REMARK 1 It is well known [14] that under certainmild regularity conditions, the maximum likelihood(ML) algorithm is asymptotically unbiased, andachieves the Cramer-Rao lower bound asymptotically.Clearly, the hypotheses in Lemma 1 satisfy theregularity condition. Thus with one sensor situatedat the origin, the identifiability of the target trajectoryrequires that the remaining N sensors be not locatedcolinearly. If this is true, then for each unbiasedestimate of 0, and the ML estimate ML in (9), thereholds asymptotically, as N!1,

    CovfMLg := Ef(0 ML)(0 ML)0g! c2(A01A)1 Ef(0 )(0 )0g

    by (1=c)A0 = + . The matrix c2A01A is theFisher information matrix (FIM) whose inverseconstitutes the Cramer-Rao lower bound.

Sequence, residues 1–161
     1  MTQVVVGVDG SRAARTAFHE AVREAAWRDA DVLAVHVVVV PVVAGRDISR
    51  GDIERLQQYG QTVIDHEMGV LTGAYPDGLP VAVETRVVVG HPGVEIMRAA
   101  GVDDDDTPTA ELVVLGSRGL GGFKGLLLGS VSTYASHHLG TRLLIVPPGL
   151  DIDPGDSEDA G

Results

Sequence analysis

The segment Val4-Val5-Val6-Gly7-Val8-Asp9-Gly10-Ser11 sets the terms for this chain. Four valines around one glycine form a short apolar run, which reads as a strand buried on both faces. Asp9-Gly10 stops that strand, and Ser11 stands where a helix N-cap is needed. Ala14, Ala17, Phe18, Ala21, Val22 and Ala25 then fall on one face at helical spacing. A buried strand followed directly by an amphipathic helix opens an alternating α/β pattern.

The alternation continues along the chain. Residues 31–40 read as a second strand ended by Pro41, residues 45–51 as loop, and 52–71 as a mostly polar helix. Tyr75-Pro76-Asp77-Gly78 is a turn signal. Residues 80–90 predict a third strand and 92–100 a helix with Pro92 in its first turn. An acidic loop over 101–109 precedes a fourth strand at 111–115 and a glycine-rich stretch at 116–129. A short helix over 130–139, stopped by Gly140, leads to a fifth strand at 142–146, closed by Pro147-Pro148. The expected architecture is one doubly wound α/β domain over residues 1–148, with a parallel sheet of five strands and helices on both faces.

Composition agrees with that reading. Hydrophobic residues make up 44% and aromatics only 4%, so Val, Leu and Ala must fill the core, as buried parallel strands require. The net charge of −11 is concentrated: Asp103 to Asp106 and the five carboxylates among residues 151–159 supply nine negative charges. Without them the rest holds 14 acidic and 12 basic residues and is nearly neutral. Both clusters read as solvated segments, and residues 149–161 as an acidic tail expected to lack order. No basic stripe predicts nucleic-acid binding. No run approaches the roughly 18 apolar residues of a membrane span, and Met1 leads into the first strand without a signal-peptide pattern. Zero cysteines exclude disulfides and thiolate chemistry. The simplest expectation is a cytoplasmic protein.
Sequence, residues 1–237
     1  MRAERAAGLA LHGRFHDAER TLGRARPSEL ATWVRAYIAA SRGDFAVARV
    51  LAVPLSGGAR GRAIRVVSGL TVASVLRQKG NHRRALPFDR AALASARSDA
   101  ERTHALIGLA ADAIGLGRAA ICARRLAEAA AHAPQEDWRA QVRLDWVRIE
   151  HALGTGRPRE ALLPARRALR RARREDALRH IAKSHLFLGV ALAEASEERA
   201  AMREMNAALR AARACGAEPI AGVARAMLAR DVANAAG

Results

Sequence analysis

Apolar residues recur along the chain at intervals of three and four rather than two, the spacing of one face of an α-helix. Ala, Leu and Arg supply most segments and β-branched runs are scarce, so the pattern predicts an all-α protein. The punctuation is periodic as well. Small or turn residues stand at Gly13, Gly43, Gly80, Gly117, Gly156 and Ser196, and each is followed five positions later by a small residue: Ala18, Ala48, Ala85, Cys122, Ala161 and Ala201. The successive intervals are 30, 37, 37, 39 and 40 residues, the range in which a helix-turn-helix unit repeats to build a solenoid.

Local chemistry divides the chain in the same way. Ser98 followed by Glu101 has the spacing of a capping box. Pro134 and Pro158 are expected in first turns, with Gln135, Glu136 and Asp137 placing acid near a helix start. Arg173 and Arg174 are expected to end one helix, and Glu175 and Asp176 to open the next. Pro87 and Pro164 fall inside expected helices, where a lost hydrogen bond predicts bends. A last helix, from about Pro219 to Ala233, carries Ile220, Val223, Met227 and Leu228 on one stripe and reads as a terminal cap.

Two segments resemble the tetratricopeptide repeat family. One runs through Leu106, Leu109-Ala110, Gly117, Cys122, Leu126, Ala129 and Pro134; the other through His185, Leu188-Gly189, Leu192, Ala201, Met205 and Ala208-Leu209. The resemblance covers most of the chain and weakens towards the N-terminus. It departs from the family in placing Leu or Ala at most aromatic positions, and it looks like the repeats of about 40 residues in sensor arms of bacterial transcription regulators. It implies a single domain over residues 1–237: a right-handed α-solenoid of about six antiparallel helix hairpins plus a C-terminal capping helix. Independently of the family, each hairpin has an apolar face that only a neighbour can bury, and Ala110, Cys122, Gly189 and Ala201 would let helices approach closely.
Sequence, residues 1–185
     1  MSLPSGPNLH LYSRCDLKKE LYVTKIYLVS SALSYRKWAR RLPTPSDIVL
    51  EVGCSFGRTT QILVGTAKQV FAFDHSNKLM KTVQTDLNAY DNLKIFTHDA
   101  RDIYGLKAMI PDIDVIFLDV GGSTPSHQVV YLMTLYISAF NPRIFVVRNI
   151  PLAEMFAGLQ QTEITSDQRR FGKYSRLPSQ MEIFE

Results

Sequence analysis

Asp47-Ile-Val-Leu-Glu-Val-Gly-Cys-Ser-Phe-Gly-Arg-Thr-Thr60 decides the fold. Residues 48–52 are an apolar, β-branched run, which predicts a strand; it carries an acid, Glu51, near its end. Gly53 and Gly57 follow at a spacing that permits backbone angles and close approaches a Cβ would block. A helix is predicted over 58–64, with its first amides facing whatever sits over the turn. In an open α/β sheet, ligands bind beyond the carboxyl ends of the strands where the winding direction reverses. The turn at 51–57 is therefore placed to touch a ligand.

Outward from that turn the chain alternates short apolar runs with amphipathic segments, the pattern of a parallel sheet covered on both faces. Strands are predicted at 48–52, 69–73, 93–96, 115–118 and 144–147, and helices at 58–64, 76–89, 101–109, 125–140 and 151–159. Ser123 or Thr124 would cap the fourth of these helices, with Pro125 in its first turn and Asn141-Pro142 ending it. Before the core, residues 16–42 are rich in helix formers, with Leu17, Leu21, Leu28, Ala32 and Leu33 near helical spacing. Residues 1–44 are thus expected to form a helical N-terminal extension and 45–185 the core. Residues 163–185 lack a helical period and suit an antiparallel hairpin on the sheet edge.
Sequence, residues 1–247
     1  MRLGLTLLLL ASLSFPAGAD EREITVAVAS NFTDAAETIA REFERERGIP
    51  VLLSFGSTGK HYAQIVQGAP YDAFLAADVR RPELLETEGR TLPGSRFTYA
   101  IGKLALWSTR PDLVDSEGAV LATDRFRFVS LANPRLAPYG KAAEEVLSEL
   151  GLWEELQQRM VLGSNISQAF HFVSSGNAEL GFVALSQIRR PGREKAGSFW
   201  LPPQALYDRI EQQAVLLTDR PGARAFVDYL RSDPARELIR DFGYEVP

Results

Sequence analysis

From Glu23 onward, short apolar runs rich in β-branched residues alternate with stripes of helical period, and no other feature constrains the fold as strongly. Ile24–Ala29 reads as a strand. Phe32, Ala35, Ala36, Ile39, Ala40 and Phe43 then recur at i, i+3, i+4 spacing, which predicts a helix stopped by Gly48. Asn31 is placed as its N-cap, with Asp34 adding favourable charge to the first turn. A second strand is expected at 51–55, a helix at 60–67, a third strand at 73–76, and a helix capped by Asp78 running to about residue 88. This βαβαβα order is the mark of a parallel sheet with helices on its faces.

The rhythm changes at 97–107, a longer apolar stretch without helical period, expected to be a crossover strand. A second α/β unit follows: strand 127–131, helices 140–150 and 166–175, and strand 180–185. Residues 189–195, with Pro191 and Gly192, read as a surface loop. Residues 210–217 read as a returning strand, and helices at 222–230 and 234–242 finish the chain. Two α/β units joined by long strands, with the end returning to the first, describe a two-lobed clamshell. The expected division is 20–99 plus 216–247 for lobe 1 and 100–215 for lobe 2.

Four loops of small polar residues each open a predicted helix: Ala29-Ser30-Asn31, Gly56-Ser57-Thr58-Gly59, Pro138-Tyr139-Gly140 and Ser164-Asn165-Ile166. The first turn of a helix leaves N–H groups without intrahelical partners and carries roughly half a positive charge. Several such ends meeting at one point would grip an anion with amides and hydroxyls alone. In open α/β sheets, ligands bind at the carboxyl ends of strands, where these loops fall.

Because the FIM is dependent on the location ofthe N sensors, a meaningful optimization problemarises naturally: with one sensor situated at the origin,how is one to place the remaining N sensors so thatthe error variance associated with the ML algorithmis minimized? This is referred to as the optimumsensors location problem. However, this problem isnot well posed in the sense that these (N +1) sensorsdiscussed thus far are assumed to be near the targetstrajectory, and may constitute only a subset of allthe sensors in the network. Moreover some of these(N +1) sensors can be far away from each other. Forthis reason we focus on the position assignment of(n+1) local sensors: with one sensor situated at thecenter, the remaining n surrounding sensors are nomore than a distance rmax away from it. The value ofrmax is chosen to be the maximum distance betweenneighboring sensors that is determined by the effectiverange of the receivers and the sparsity of the network.Once the local position assignment problem is solved,the result can be extended to the global assignmentof all the sensors, thereby solving the problem ofan optimum network configuration. We therefore setxi = xi x0 and yi = yi y0, and modify the linearregression equation A = c+ c according to266664